Problem 2: A tale of two binaries

Another problem with the approach detailed in this section is that it generates a fair amount of binary code, because much of the Eiffel code is duplicated twice: once in the shared module, and once in the program proper. There are ways around this, but they seriously interfere with automated creation of targets via make--and, more than likely, the extra space will not be a tremendous concern, since code space is generally overwhelmed by heap usage in many large applications.

Still, the approach causes problems--you absolutely must ensure that the shared module and application are generated from the same code base, or features called through Eiffel may have different effects than the "same" features called through Python--obviously not the correct result!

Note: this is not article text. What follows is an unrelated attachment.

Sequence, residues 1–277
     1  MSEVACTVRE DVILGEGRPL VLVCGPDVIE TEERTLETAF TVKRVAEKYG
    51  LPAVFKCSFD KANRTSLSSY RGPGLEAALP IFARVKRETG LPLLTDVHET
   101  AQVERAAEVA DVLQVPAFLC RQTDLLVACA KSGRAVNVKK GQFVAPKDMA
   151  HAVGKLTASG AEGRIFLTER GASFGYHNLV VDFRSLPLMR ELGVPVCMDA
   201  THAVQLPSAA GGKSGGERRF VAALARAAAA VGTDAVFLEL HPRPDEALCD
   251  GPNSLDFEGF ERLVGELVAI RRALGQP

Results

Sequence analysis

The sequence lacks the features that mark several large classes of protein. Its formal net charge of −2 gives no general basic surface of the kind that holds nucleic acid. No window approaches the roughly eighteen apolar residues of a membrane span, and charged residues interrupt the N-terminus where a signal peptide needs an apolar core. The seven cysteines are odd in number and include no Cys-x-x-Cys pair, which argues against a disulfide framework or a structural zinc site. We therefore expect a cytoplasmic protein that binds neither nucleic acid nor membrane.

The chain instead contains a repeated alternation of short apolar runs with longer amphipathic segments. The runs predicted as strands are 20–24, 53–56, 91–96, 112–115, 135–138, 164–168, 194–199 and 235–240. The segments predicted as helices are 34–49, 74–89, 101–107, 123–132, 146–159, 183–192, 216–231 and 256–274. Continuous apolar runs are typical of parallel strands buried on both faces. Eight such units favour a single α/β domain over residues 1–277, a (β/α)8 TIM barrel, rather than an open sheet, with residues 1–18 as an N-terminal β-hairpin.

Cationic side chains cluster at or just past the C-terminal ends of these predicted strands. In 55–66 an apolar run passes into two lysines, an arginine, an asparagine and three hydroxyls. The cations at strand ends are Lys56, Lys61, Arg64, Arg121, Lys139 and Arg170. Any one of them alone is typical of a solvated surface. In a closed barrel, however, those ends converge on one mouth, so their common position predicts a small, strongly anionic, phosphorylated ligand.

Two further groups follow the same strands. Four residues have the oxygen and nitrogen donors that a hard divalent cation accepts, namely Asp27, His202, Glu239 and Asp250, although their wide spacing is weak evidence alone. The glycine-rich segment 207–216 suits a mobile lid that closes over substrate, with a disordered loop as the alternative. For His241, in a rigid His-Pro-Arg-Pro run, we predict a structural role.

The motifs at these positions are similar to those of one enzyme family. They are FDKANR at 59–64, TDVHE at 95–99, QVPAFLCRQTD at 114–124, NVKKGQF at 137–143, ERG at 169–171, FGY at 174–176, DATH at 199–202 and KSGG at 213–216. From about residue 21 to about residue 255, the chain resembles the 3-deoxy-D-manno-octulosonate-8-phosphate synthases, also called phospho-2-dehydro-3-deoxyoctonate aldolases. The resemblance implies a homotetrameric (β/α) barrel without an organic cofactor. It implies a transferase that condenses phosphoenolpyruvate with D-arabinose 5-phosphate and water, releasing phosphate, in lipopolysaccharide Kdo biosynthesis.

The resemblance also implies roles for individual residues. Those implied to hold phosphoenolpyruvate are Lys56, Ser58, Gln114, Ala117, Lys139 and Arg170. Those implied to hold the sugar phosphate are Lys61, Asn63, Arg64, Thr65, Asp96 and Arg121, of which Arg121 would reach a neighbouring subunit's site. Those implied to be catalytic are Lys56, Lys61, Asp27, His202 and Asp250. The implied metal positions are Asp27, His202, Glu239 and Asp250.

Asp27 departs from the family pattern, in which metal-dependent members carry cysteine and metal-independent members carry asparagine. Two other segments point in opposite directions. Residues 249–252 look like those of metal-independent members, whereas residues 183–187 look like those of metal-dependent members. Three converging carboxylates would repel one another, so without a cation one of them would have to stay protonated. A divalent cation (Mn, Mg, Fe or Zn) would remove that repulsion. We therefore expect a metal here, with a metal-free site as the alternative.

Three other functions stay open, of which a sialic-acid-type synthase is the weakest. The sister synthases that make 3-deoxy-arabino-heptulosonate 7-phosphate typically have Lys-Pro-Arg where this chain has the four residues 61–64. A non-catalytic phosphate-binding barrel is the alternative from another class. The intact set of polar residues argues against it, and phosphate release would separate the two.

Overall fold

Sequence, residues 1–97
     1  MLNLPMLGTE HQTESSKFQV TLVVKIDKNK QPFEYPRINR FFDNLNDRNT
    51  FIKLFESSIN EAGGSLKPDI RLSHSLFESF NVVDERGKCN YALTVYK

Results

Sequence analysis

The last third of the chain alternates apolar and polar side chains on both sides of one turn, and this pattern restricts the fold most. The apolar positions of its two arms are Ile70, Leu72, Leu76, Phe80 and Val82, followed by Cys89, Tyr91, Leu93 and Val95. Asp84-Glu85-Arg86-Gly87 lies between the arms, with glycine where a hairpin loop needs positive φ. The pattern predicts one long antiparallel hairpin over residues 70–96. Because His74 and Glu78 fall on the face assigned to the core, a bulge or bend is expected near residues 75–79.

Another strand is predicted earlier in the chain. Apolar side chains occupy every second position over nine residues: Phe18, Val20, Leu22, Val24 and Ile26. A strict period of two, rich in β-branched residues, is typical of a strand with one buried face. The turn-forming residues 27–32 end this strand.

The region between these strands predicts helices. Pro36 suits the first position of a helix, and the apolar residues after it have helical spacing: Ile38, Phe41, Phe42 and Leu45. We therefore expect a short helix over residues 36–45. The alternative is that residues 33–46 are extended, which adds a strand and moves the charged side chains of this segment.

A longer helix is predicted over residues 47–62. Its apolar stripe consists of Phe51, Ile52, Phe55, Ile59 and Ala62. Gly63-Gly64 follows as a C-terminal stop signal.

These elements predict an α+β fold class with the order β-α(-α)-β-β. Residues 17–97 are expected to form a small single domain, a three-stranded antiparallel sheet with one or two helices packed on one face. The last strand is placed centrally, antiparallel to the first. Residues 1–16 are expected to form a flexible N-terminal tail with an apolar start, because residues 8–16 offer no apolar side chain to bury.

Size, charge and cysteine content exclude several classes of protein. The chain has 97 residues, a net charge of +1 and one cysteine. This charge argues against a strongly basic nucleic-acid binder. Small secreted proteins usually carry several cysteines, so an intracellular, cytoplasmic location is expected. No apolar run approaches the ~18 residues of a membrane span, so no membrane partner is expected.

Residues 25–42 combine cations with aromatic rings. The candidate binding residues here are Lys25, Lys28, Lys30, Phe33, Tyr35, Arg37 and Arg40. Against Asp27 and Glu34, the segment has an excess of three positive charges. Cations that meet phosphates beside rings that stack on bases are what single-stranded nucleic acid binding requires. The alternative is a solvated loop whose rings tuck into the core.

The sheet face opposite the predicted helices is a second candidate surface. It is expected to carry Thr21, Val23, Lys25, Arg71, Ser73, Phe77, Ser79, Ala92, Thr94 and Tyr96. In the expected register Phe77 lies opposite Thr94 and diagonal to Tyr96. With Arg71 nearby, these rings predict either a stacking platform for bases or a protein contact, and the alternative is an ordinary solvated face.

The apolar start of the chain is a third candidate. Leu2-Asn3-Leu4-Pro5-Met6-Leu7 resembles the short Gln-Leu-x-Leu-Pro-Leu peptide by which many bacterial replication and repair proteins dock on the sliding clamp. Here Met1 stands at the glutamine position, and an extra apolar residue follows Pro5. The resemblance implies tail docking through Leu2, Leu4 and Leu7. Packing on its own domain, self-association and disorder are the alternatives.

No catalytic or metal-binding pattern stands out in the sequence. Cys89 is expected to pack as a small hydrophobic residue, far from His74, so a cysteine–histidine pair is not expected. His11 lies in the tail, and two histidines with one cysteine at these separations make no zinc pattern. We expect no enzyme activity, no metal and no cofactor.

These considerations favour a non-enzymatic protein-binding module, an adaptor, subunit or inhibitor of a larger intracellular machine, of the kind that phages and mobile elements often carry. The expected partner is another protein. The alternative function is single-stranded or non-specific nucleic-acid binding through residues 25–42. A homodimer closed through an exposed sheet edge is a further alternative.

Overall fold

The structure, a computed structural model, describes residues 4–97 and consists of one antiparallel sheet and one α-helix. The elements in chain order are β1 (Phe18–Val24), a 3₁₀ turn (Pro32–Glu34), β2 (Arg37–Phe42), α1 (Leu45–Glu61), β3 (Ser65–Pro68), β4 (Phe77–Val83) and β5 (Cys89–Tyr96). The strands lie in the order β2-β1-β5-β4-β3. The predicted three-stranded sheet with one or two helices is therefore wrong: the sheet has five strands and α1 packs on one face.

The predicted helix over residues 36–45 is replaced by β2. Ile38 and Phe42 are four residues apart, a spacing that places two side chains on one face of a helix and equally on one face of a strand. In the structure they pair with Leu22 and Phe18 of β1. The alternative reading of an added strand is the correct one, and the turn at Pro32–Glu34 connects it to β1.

There is a different solution, simpler in many ways, detailed in the next chapter on "Scripting Eiffel with Python", which produces only a single binary, which treats the problem slightly differently--instead of embedding Python in Eiffel with callbacks, we embed the entire Eiffel application in a custom Python interpreter. For now, though, let's see what we've accomplished with the eiffel_from_python sample application.